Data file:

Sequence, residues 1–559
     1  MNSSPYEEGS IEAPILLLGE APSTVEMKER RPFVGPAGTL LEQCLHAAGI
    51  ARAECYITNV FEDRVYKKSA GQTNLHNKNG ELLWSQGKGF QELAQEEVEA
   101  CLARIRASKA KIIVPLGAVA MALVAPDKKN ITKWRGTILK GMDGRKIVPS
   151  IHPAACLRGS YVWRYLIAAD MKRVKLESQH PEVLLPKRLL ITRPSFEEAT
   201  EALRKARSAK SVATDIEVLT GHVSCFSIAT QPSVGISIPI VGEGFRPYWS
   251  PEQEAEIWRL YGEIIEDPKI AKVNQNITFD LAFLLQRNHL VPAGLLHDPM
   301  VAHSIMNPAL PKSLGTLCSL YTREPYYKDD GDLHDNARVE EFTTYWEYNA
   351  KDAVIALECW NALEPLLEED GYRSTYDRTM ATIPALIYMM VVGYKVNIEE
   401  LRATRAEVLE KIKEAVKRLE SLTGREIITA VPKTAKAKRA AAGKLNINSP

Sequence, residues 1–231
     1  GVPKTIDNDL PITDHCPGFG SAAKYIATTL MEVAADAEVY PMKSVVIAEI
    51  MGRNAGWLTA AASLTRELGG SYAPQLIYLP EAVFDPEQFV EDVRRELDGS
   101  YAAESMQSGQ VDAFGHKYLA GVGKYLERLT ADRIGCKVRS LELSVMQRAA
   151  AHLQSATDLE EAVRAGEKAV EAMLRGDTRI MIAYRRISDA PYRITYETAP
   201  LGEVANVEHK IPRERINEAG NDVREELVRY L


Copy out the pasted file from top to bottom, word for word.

Sequence, residues 1–559
     1  MNSSPYEEGS IEAPILLLGE APSTVEMKER RPFVGPAGTL LEQCLHAAGI
    51  ARAECYITNV FEDRVYKKSA GQTNLHNKNG ELLWSQGKGF QELAQEEVEA
   101  CLARIRASKA KIIVPLGAVA MALVAPDKKN ITKWRGTILK GMDGRKIVPS
   151  IHPAACLRGS YVWRYLIAAD MKRVKLESQH PEVLLPKRLL ITRPSFEEAT
   201  EALRKARSAK SVATDIEVLT GHVSCFSIAT QPSVGISIPI VGEGFRPYWS
   251  PEQEAEIWRL YGEIIEDPKI AKVNQNITFD LAFLLQRNHL VPAGLLHDPM
   301  VAHSIMNPAL PKSLGTLCSL YTREPYYKDD GDLHDNARVE EFTTYWEYNA
   351  KDAVIALECW NALEPLLEED GYRSTYDRTM ATIPALIYMM VVGYKVNIEE
   401  LRATRAEVLE KIKEAVKRLE SLTGREIITA VPKTAKAKRA AAGKLNINSP

Sequence, residues 1–231
     1  GVPKTIDNDL PITDHCPGFG SAAKYIATTL MEVAADAEVY PMKSVVIAEI
    51  MGRNAGWLTA AASLTRELGG SYAPQLIYLP EAVFDPEQFV EDVRRELDGS
   101  YAAESMQSGQ VDAFGHKYLA GVGKYLERLT ADRIGCKVRS LELSVMQRAA
   151  AHLQSATDLE EAVRAGEKAV EAMLRGDTRI MIAYRRISDA PYRITYETAP
   201  LGEVANVEHK IPRERINEAG NDVREELVRY L